Oliver Gadsby is an experienced leader and adviser of international publishing and information businesses.
Oliver is President of the Independent Publishers Guild, Chair of Zero Carbon Academy and Chair of World Textile Information Network. He was President, Academic and Professional, at Rowman & Littlefield, and Chief Executive at Continuum Publishing. Previous roles include Director of Strategy and Acquisitions at Informa, and several roles at Wolters Kluwer, in Sweden and the UK.
He is a member of the Court of the Worshipful Company of Stationers and Newspaper Makers, a 600 year-old Livery Company in the City of London.
Congratulations on your recent appointment as president of the Independent Publishers Guild (IPG). What are you most looking forward to in this role?
Thank you so much! It's an organization that I've known and been associated with for many years. I've been on the board for a while and I was a previous chair so I've seen the work that IPG does in supporting independent publishers.
There are always new challenges coming up for the industry and IPG provides a terrific network for publishers and as president, I'll do everything I can to foster that positive community.
I know you have worked across a number of various sectors in publishing including schools, academic, trade, and B2B. What are the challenges and opportunities that come with each different role?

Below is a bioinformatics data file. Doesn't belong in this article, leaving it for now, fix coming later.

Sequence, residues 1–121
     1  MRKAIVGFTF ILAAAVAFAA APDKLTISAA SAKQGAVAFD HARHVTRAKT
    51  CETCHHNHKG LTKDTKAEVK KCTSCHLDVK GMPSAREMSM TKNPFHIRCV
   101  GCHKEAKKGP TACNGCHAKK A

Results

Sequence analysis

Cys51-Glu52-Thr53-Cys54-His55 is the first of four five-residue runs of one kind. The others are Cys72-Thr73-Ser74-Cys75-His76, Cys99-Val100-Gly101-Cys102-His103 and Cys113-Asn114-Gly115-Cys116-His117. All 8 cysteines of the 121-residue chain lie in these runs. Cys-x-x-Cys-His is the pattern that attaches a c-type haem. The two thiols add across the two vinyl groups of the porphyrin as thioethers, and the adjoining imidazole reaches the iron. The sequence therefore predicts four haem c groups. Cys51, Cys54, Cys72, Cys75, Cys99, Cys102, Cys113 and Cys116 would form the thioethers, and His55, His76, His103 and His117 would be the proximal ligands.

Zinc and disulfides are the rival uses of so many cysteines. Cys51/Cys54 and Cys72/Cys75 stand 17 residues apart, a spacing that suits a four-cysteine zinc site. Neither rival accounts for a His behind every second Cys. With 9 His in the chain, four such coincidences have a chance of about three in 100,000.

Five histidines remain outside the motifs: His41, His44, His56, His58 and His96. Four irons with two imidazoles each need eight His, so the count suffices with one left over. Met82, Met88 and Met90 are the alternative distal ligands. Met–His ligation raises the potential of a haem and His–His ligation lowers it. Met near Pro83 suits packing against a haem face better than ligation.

I started out teaching English in Morocco and then became a desk editor in Germany in a school book publishing company. From these roles, I learnt the discipline of publishing for curriculum and classroom needs.
Over the years, I've really enjoyed discovering how you can apply creative publishing skills and technical publishing skills to a different audience. From schools to academia where there’s a global audience and you're not constrained by a curriculum, and through to trade publishing with a consumer focus.
On the B2B front, I am chairman of a B2B publishing company in the textiles industry and it is very specific, so again a totally different discipline.
I encourage those who are coming into publishing not to stay in one box but to try lots of opportunities and keep learning new skills to add to their portfolio.